Do We Need "Apollo Projects for Climate Change"?

As we celebrate the 40th anniversary of the remarkable achievement of putting Neil Armstrong and Buzz Aldrin on the moon (while Michael Collins nervously circled above) and bringing them safely home, (see our slideshow) there will no doubt be a chorus of articles saying "we need an Apollo project to deal with climate change." or "if we can put a man on the moon, why can't we solve our energy problems?"

And it was a marvelous accomplishment. But as a model of design and engineering, it was a one hit wonder, an extravagant waste of materials, and not a model for anything we should be doing today.

In 1961 when NASA was trying to figure out how to get to the moon, the two main approaches were Direct Flight, where a giant rocket would go straight to the moon and back, and Earth Orbit Rendezvous, where a moon rocket would be assembled in earth orbit and then would go straight to the moon and back. But to carry enough fuel to land on the moon and take off for the return required a big spacecraft.

An engineer named John Houbolt had another idea: Lunar Orbit Rendezvous.

"Only the small, lightweight LEM, not the entire spacecraft, would have to land on the Moon; this perhaps was LOR's major advantage. Because the lander would be discarded after use and would not return to Earth, NASA could customize the LEM’s design for maneuvering flight in the lunar environment and for landing softly on the Moon."

Werner Von Braun favoured Earth Orbit Rendezvous, Not only because he thought it was safer, but because it essentially laid the ground-work for the idea of a space station where vehicles can be assembled for any kind of mission, rather than a single function. He was thinking about Mars and beyond.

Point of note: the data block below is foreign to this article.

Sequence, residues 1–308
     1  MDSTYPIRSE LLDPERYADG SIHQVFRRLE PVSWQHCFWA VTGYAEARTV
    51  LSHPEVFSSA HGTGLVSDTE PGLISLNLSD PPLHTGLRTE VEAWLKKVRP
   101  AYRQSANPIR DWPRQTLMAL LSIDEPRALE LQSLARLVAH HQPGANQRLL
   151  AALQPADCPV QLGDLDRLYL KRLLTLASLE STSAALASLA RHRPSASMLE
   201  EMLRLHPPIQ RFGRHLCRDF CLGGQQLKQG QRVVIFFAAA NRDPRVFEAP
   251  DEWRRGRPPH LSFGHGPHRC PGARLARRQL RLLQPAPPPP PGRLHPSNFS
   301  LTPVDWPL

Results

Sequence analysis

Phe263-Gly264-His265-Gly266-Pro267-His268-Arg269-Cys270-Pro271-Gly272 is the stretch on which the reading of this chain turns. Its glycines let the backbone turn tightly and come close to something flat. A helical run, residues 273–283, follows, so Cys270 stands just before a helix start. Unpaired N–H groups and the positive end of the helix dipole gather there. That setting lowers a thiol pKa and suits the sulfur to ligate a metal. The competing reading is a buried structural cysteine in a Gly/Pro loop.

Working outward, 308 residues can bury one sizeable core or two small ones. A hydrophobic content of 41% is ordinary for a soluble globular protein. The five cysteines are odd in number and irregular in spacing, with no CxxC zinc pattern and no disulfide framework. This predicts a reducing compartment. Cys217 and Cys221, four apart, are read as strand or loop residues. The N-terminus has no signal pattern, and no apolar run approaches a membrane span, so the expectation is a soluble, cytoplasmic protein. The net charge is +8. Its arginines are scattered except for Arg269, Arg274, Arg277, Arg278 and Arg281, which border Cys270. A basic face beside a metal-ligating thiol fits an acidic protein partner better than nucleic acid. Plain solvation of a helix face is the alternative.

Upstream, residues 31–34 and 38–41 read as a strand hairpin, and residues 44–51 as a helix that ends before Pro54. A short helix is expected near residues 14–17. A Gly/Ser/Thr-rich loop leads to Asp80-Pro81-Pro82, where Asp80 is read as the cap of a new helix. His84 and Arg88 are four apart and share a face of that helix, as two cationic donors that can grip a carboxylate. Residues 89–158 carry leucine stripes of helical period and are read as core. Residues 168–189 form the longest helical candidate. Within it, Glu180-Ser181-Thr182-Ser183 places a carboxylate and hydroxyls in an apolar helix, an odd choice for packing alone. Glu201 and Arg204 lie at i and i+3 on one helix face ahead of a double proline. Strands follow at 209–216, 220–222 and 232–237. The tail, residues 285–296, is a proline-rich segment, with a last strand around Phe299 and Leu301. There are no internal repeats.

In the end, John Kennedy tipped the scales, when he promised a man on the moon before the end of the decade. LOR might have been be sketchy and dangerous, but it used the least amount of hardware and needed the smallest rocket, and could be launched from the Saturn 5 that was already under development.

But first you threw away your Saturn 5. Then, when at the moon, you throw away your descent stage on the lunar module. Then you throw away your lunar module ascent stage. Then you throw away your service module. The whole exercise is based on designing objects to serve a single function and then throwing them away, and bringing back the smallest component, the command module.

When Apollo ran its course, there was not much to show for it; no shipyard in earth orbit, no moon base, no infrastructure for carrying on. Just Tang, a pile of rocks and great photographs. They didn't even send up a scientist until Harrison Schmitt, the last man on the moon in Apollo 17.

Dan Greenberg writes in the Chronicle

Do we need a grand mobilization of physicists, chemists, engineers, and other hardware experts to solve the energy [and climate] crisis? We surely need a lot of them to work on it.

But perhaps more important would be the potential contributions from the behavioral and social sciences. Better solar panels, improved insulation, and more miles per gallon are attainable if we want them; the lab wizards can be counted on to provide them.

The real problem is that the energy crisis is mainly in our heads — in our habits and comfort preferences.

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